In the last few years, the PCB have tried bringing in people with vast experience in pitch curation. Among them was Andy Atkinson from England, the ICC Pitch Consultant, who former CEO Wasim Khan brought in in 2019/20 to help improve Pakistani pitches as well as train local Pakistani curators in the art of curating perfect and entertaining pitches. This wasn’t the first time Atkinson was brought to Pakistan; he was here in the early 2000s as well, training Pakistani curators. A similar effort with more emphasis on quality can bear fruit.

Pakistan could also improve its performances in countries like Australia, South Africa, and New Zealand through a variety of other steps. One of them is sending teams to these countries ahead of international tours. This is one aspect that India has excelled at, with their A-team cricket structure far ahead of the other countries. It has potentially played a huge role in Indian cricket getting to where it is today, as documented by this article in The Cricket Monthly.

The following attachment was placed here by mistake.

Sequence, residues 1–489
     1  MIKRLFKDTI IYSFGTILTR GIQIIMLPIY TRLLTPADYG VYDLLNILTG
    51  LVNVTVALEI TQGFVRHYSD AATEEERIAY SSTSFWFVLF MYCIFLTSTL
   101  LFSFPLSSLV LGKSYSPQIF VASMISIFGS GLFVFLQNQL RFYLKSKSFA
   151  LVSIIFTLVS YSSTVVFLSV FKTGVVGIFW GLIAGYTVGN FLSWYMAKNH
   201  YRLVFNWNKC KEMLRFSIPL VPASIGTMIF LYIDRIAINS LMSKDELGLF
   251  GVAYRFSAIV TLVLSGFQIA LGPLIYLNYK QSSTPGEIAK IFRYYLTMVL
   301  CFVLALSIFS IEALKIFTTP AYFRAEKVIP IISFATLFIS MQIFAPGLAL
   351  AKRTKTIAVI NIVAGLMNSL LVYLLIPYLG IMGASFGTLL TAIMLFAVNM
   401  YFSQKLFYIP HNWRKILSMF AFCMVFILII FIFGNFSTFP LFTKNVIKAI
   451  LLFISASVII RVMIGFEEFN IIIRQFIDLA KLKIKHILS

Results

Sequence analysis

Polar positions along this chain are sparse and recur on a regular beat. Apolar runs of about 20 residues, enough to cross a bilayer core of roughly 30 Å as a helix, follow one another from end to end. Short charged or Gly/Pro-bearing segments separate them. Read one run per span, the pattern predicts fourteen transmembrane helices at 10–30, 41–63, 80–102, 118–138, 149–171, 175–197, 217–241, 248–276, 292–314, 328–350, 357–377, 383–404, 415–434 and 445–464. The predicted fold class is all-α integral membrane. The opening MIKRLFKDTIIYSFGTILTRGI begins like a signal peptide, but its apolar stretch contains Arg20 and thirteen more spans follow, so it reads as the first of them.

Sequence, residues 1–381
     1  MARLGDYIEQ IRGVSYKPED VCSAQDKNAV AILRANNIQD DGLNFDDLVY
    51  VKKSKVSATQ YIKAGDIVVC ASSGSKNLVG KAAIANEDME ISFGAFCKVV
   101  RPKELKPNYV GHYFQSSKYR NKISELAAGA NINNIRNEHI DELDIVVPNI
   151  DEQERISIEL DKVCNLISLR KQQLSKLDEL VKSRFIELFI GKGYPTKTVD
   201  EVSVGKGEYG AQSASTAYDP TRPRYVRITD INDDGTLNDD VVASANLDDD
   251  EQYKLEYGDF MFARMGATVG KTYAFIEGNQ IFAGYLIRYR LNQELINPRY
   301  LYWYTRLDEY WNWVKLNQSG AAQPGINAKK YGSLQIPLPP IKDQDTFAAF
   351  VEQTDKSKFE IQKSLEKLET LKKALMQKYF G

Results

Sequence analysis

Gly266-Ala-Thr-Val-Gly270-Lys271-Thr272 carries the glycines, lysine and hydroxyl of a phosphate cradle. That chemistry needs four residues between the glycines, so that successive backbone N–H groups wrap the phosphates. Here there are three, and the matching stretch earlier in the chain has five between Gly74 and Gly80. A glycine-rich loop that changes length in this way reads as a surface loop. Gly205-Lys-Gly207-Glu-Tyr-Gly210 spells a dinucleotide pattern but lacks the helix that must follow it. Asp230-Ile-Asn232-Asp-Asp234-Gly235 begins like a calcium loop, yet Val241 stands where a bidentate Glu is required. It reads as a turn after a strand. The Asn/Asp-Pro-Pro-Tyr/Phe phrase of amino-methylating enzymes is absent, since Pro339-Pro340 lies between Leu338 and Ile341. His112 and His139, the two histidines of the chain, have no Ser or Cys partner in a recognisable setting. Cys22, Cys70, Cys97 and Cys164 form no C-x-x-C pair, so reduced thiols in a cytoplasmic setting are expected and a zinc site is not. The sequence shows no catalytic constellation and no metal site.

The former PCB administration paid some attention to the A-team structure, with the team being rebranded to the Pakistan Shaheens. However, whether due to COVID-19 or otherwise, regular A-tours didn’t follow. Sending the Pakistan Shaheens on tours of countries with unfamiliar conditions can prove fruitful. The PCB could also adopt an approach of sending the champions of the Quaid-e-Azam Trophy on tours or an All-Stars team consisting of the top domestic performers.

Pre-season tours of Australia, South Africa, and New Zealand will help Pakistani players gain first-hand experience of those conditions. A team like Khyber Pakhtunkhwa, which has won five major domestic trophies in a row, can learn great things if sent on an off-season or pre-season tour to Australia and New Zealand to play with the best domestic teams there in challenging conditions. This can be an important step in helping our future stars to play well in those countries and, in turn, help the national team.


People may agree or disagree with the merits of the arguments for or against drop-in pitches. However, most agree that pitches in Pakistan need to get better. Like it or not, drop-in pitches are coming to Pakistan. When the experiment is being sponsored, though, perhaps we needn’t worry too much if it falls flat. After all, the Pakistan Cricket Board isn’t spending money on it – for the time being. However, if the project succeeds, Ramiz Raja will surely have the last laugh.

The author